In one sense, this is a positive, because big players can only participate if they become members of the system, which means they must take an equity position in the regional bank or banks, and that position scales up with the dollar volume of the advances. The more a company like Countrywide participates, the more stock they would have to acquire and the greater the capitalization of the system.

"To the extent that this increases demand for FHA securities, it will lead to a lower cost of borrowing for the customer," noted Michael Youngblood, the managing director of real estate at Banc of America. "FHA borrowers are concentrated in urban areas, or from low and moderate income households. Even though the MPF program has an unfortunate effect on Ginnie Mae, it's having a fortunate effect on the homeownership and public-policy missions that the FHLB was chartered to fill. If the average guy gets a better deal out of it, I'm encouraged."

A Bottomless Pit?

Despite the positive ramifications, some players foresee the MPF program creating a battered Ginnie Mae market; other participants also question how long the program can go on buying a limitless amount of loans. Indeed, is the MPF program a bottomless pit?

In addition to this, the Federal Home Loan Banks of Indianapolis, Cincinatti and Seattle have recently set forth plans to create an MPF "spinoff" - called the Mortgage Purchase Program - that will be somewhat different than the original MPF program but will retain the same goal of creating more liquidity for FHA/VA loans.

With different pockets of demand in different areas, the nature of execution in the FHLB programs may not be same for everybody. In other words, whereas Ginnie Mae pricing is the same nationwide, the MPF-style programs may create a tiering in terms of the pricing of actual loans.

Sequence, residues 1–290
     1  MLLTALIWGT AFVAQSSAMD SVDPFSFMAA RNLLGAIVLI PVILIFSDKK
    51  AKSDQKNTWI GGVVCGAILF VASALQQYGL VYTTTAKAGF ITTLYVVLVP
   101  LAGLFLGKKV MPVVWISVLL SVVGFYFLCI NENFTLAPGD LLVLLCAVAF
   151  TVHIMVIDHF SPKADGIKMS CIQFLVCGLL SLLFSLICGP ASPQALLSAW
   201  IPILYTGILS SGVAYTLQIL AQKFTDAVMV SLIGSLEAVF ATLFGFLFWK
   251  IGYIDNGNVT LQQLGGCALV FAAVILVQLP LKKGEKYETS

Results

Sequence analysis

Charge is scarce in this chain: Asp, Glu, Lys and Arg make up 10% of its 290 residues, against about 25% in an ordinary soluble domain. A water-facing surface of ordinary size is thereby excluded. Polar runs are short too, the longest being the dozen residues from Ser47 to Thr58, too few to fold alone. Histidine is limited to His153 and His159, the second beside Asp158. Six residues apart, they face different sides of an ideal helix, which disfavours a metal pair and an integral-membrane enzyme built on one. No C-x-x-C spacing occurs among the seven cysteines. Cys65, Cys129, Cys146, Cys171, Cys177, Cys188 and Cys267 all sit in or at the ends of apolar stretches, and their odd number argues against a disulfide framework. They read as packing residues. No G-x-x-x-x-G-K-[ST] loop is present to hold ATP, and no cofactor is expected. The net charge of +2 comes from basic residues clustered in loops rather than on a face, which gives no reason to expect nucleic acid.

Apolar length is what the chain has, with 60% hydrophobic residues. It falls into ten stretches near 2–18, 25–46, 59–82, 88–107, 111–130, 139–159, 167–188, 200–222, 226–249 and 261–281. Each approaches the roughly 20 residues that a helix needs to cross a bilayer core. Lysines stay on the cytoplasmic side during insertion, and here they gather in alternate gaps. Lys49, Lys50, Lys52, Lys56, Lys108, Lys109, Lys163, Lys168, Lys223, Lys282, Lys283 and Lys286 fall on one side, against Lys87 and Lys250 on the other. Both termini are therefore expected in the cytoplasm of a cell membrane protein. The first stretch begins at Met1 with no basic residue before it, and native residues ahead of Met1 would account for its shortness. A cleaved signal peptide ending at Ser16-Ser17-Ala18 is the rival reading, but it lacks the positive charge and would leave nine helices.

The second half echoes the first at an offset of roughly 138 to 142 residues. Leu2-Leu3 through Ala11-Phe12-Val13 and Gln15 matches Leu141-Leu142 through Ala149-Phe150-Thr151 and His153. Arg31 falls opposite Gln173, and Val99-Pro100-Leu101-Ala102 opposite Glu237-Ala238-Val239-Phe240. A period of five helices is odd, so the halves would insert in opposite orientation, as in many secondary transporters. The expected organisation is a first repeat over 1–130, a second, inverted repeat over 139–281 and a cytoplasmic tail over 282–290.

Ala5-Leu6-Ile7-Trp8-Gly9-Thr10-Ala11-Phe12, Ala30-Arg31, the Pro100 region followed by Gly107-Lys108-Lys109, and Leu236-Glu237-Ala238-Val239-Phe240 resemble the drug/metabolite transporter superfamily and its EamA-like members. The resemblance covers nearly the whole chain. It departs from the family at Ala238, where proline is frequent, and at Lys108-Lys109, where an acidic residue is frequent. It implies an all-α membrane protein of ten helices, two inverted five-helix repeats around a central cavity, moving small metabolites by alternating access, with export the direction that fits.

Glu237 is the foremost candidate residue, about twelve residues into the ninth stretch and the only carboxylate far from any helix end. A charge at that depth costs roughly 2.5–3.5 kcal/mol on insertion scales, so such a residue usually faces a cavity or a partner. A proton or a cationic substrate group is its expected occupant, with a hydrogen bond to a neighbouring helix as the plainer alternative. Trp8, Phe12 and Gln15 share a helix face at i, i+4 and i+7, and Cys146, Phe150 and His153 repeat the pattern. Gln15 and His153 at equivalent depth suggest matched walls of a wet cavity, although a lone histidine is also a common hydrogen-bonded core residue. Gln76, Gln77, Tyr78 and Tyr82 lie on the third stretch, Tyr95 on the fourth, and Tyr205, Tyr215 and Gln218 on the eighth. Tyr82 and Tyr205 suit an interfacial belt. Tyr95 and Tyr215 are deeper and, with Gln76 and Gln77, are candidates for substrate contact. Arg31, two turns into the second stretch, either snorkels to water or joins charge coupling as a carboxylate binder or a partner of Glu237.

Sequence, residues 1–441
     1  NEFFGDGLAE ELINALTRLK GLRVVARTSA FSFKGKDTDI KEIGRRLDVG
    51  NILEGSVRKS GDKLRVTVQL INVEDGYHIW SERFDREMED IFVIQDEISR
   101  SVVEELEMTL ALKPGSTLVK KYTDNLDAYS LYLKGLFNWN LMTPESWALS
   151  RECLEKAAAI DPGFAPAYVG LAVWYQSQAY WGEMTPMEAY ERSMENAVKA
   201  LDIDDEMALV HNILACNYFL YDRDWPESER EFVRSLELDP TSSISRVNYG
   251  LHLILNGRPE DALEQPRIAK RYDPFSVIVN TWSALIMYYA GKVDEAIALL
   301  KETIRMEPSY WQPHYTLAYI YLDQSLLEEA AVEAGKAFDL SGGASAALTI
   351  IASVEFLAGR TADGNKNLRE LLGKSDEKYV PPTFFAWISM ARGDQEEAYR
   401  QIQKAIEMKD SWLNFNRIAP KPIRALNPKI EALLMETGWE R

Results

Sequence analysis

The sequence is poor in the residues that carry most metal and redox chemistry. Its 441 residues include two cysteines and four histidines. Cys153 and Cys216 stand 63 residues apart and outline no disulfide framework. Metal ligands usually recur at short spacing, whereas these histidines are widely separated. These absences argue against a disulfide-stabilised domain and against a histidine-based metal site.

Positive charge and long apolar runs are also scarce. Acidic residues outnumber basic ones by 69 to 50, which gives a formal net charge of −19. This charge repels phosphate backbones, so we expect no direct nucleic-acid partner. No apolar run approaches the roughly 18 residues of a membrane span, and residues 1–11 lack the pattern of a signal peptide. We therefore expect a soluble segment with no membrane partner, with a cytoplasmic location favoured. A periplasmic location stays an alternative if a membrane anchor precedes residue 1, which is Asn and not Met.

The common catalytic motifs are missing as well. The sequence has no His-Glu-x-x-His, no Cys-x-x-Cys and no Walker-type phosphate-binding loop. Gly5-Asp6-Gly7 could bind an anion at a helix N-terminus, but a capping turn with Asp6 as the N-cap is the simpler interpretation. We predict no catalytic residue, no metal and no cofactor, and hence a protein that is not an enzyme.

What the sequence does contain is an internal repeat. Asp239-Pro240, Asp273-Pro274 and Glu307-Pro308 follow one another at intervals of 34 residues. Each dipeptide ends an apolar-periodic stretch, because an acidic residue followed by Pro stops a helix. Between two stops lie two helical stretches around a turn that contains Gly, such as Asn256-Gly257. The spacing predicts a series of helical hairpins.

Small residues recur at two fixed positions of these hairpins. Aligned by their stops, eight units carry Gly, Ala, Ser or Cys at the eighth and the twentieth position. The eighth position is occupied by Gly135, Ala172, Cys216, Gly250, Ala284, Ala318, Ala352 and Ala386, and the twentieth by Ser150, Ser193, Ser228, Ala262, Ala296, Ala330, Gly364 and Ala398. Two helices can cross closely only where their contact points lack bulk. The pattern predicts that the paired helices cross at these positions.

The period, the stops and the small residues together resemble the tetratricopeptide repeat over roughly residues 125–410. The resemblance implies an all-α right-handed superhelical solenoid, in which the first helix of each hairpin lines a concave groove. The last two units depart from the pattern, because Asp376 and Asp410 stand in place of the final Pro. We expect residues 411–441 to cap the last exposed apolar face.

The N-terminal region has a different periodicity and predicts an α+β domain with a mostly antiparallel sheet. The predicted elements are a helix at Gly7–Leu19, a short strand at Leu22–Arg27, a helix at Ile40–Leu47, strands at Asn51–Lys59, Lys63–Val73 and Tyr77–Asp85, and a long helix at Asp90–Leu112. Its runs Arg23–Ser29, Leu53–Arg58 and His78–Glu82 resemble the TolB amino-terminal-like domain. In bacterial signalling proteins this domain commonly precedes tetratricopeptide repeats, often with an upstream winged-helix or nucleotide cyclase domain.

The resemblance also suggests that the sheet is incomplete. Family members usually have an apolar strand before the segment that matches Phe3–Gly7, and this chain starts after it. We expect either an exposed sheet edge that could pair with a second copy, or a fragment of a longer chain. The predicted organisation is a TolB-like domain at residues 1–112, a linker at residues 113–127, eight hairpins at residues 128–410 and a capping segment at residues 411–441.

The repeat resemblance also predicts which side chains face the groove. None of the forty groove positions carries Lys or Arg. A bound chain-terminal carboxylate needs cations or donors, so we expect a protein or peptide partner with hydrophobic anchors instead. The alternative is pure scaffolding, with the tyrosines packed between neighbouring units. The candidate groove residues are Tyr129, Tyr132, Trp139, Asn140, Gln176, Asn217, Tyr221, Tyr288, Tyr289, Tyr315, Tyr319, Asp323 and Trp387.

Ginnie Mae did not return calls regarding this subject.

"In the near-term, it clearly means that a lot of the stuff that went into Ginnie Mae I and II's may end up in the MPF program," said Countrywide's Bhattacharya. "For Ginnie Mae, though, it doesn't matter where you are - you have the same level of execution. But for the MPF and the forthcoming new FHLB program, there may be a difference in pricing between people who can sell into the program and people who cannot."

"There will be even weaker new issuance volume in Ginnie Maes," added Youngblood. "It will deprive Ginnie of anticipated revenues and undermine its ability to support HUD's mission and will inflate the value of Ginnie passthroughs relative to conventional ones."

Another market source noted that last week Ginnie Maes were already looking rich: they were 28 ticks over Fannie paper, "which is double than norm," the source said. Already, with the MPF program creating a further shortage of Ginnies, they will tend to tighten up compared to everything else.

But the more important question is whether the original mission of the MPF program will still be upheld once larger players get involved.

"The Federal Housing Finance Board likes the program, because it benefits the members of the system, and if those members benefit enough, that benefit is passed on to customers," said a source close to the FHLB. "But if Countrywide or other big players are profiting from this, they are less likely to pass on that benefit to mom and pop."

"We're talking to a number of mortgage lenders, large and small, about the program, and we're trying to build the program as fast as we can," said FHLB-Chicago's Feldhaus.